Jewish Agency, Inc., Allocates $40, 000, 000 for Immigration Needs in Israel

The Jewish Agency for Israel, Inc., today announced the approval by its Board of Directors of allocations totaling $40,000,000 for the transportation, absorption and resettlement of immigrants in Israel. The announcement was made by Joseph Meyerhoff, national chairman of the United Jewish Appeal and vice-chairman of the JAFI, Inc.

Mr. Meyerhoff pointed out that of the total of $40, 000,000, some $7, 000, 000 represent supplementary allocations for the fiscal year ending March 31, 1961, while the balance constitutes initial allocations for the fiscal year starting April 1, 1962. Major categories of allocations include over $13,000,000 for transportation and services en route: close to $10, 000, 000 for initial absorption aid; close to $8, 000,000 for immigrant housing; and $7, 500,000 for the consolidation of agricultural villages.

Mr. Meyerhoff stated that all allocations are based on a careful line-by-line review of current needs as submitted by the Agency’s consultant, Dr. Isador Lubin. He added that, as in the past, the 1962-63 allocations would be subject to review throughout the year. The total financial requirements of the JAFI, Inc., program in Israel for the coming fiscal year are estimated at $68, 200, 000.

Aryeh L. Pincus, treasurer of the Jewish Agency, Jerusalem, and a member of the Board of Directors of the JAFI, Inc., submitted to the Board an analysis of the most urgent problems of immigrant absorption in Israel. Terming the current increase in immigration to Israel a challenge which may become a blessing or a catastrophe, depending on our ability to finance essential aid programs,” Mr. Pincus indicated some of the “critical areas” in the agency’s activities.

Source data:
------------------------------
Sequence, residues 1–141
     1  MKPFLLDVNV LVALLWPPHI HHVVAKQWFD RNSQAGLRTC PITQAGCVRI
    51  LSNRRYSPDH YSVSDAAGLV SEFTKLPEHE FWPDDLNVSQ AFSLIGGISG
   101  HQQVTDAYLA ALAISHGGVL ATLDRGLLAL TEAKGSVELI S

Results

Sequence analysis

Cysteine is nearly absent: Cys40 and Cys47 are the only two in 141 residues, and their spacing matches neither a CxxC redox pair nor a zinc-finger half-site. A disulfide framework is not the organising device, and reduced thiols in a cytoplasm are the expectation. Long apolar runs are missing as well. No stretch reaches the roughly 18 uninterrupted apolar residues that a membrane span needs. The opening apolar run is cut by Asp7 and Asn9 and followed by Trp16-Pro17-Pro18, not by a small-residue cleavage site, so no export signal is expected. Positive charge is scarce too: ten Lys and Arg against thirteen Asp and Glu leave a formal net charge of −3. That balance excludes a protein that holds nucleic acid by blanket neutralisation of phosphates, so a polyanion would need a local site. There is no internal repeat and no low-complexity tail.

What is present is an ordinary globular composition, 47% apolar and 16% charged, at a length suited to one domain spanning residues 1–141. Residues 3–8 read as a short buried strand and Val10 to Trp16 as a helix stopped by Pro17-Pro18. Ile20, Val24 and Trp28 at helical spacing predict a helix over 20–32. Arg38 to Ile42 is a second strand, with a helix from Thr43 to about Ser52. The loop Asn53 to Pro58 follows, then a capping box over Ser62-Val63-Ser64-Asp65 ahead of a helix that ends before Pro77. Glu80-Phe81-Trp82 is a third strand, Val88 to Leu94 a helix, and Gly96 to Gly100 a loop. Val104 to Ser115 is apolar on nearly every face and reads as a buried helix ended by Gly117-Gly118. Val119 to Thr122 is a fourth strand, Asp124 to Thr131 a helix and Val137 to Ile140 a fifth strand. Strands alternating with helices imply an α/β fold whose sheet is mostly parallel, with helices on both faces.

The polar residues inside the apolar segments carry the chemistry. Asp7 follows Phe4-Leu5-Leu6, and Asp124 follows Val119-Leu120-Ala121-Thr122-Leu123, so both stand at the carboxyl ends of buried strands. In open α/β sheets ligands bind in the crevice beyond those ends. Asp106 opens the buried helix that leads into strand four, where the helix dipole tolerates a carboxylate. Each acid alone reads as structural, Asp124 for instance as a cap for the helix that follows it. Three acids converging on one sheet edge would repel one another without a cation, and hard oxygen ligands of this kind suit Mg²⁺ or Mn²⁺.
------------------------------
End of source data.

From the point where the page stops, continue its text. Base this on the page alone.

DEVALUATION OF ISRAEL’S CURRENCY INCREASES TRANSPORTATION COSTS

Transportation costs, most of which must be paid for in hard currency, will take a much larger share of the Jewish Agency’s budget due to the recent devaluation of the Israel pound, Mr. Pincus pointed out. Construction of immigrant housing barely keeps pace with increased immigration, at times causing new arrivals to be moved into unfinished units, he said. Lack of a minimum housing reserve also creates absorption problems since new arrivals must be sent to wherever empty units are available regardless of prospects for suitable employment in that particular area, he reported.

“Facilities for the absorption and training of immigrant youth, especially in the new development are as, are inadequate, leaving many young newcomers without proper guidance and with an intense sense of frustration,” the Jewish. Agency treasurer continued. “New immigrant farm villages whose economic consolidation had to be delayed far beyond original plans find it increasingly difficult to hold their own in the rapidly changing pattern of Israel’s agricultural economy. Newcomers who because of age, health or emotional problems require special aid are liable to become social problem cases because funds for their rehabilitation are insufficient.”

Mr. Pincus paid tribute to American Jewry whose generous contributions to the UJA have made possible an unprecedented immigration and rehabilitation program in Israel. “For 14 years, the dedication of the leadership of the UJA has matched the dedication of our own people ‘on the firing line, the men and women who stand ready 24 hours a day, seven days a week, to meet the immigrant trains, boats and planes,” Mr. Pincus stated. “Yet, as long as this immigration continues we, in Israel, must ask of our American friends no more and no less than we are daily asking of ourselves and of our own people: to continue with all possible effort until the great historic task of ingathering has been completed.”

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